The Healthcare Hub

Embracing a Digital Transformation Strategy: Leading Healthcare Suppliers Make Doing Business Easier

Monday, August 8, 2022


Most would agree that being easy to do business with is a way to set your business apart and deepen customer relationships. It is certainly so for suppliers in the competitive healthcare industry. Leading suppliers are looking at the complete customer experience and acting on the opportunity to support healthcare providers’ needs by embracing a digital transformation strategy.



Digital transformation enables providers to deliver care, improve processes, and reduce costs. In addition, a digital enterprise can be much nimbler to address changing market dynamics. But an organization must digitally transform its entire operation to reach this state. There are two strategies currently helping providers make this move that also greatly benefit suppliers: automating the procure-to-pay process and moving to a cloud-based ERP.



Automating procure-to-pay provides many benefits. It can reduce costs by eliminating manual processes, support a remote workforce, and create data points. Suppliers who seek to support providers’ shift to a digital patient experience must deliver the same approach to their relationship with their provider customers. Slow, error-prone manual processes are an obstacle to this approach. As an example, customers need to understand order fulfillment and supply delivery. The expectation is that acknowledgement will no longer occur in hours or days, but in minutes. Manual processes simply cannot meet this demand.



The pandemic changed work habits forever. To retain the best talent, remote workforce support has become a reality for suppliers and providers. Automation tools support this as they can be leveraged from anywhere and free up scarce staff to do things only humans can do. For example, accounts payable staff may no longer be in a location to receive and process paper-based invoicing. Suppliers establishing a digital customer experience must realize this and move to electronic invoicing and payments. This move also allows providers and suppliers to take advantage of early payment opportunities and maximize working capital.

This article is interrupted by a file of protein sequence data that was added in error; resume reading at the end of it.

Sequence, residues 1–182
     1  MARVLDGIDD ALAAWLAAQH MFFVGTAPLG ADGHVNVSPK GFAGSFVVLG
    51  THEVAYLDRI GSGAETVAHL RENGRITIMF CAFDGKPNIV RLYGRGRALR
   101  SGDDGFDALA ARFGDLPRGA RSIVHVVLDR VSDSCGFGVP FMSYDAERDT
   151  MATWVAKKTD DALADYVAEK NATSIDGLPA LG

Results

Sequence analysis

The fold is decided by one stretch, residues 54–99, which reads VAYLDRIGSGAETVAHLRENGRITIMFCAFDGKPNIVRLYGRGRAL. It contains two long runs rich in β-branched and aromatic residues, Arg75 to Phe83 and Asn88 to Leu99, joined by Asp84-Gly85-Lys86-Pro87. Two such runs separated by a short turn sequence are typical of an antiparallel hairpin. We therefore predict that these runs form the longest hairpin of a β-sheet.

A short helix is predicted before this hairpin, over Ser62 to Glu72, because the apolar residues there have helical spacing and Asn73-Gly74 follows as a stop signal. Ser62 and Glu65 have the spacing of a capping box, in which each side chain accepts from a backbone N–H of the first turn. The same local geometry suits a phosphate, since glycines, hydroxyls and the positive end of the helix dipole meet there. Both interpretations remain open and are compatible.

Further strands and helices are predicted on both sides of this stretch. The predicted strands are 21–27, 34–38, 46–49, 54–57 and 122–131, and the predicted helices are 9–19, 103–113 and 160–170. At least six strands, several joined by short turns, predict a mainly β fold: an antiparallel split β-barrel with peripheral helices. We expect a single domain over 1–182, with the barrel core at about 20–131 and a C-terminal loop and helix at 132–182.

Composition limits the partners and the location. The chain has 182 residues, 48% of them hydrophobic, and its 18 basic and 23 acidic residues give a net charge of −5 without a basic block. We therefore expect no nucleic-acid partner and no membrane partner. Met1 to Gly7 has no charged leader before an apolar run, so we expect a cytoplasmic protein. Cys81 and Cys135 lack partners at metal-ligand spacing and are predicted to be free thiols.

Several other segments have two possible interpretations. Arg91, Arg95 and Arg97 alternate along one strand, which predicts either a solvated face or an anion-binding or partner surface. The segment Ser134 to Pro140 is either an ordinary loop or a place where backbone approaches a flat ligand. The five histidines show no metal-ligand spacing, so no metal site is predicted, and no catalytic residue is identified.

Finally, a nimble enterprise that responds to rapid change must make data-driven decisions. Each automated supply chain transaction generates a data point that when aggregated, can support decisions across the entire supply chain.



New care models and new care locations are driving the second digital transformation strategy, moving to a cloud-based ERP. This technology infrastructure fosters collaboration between providers and suppliers. As information silos are dismantled and processes are extended closer to the point of care, outdated and erroneous information can generate negative impacts throughout the supply chain. These impacts are a leading cause of disruption in the acquisition and procurement of supplies, which strains relationships with providers and can also have an impact on patient care. Providers are leveraging these expanded technological capabilities to drive business process change and avoid these impacts.

As suppliers think about delivering a digital experience, they must understand their role in their customers’ digital transformation journey. They must lean in to support greater automation, but a digital experience requires automation and data. Suppliers must consider what data and information exists in their organization that can improve customers’ experience. Suppliers further down the journey of delivering a digital experience are providing catalog data with rich attributes like images and real-time contract information to help ensure their customers are getting the right product at the right price at the right time.

Catalog and contract data aligned between provider and supplier ERP systems coupled with automated procure-to-pay creates a foundation that gives suppliers greater visibility across the healthcare supply chain and into their customers. This results in more strategic and value-based financial decisions that also help improve a supplier’s operational performance. For example, it allows suppliers to reallocate product to areas with the highest demand.

That same foundation allows the relationship to further extend to clinical systems and the point of care. A digital experience from suppliers that reaches the patient at the point of care is the ideal state. It is here where the digital patient experience and digital supply chain meet. 

[Originally published on 5/2/22 in Medical Product Outsourcing Magazine]

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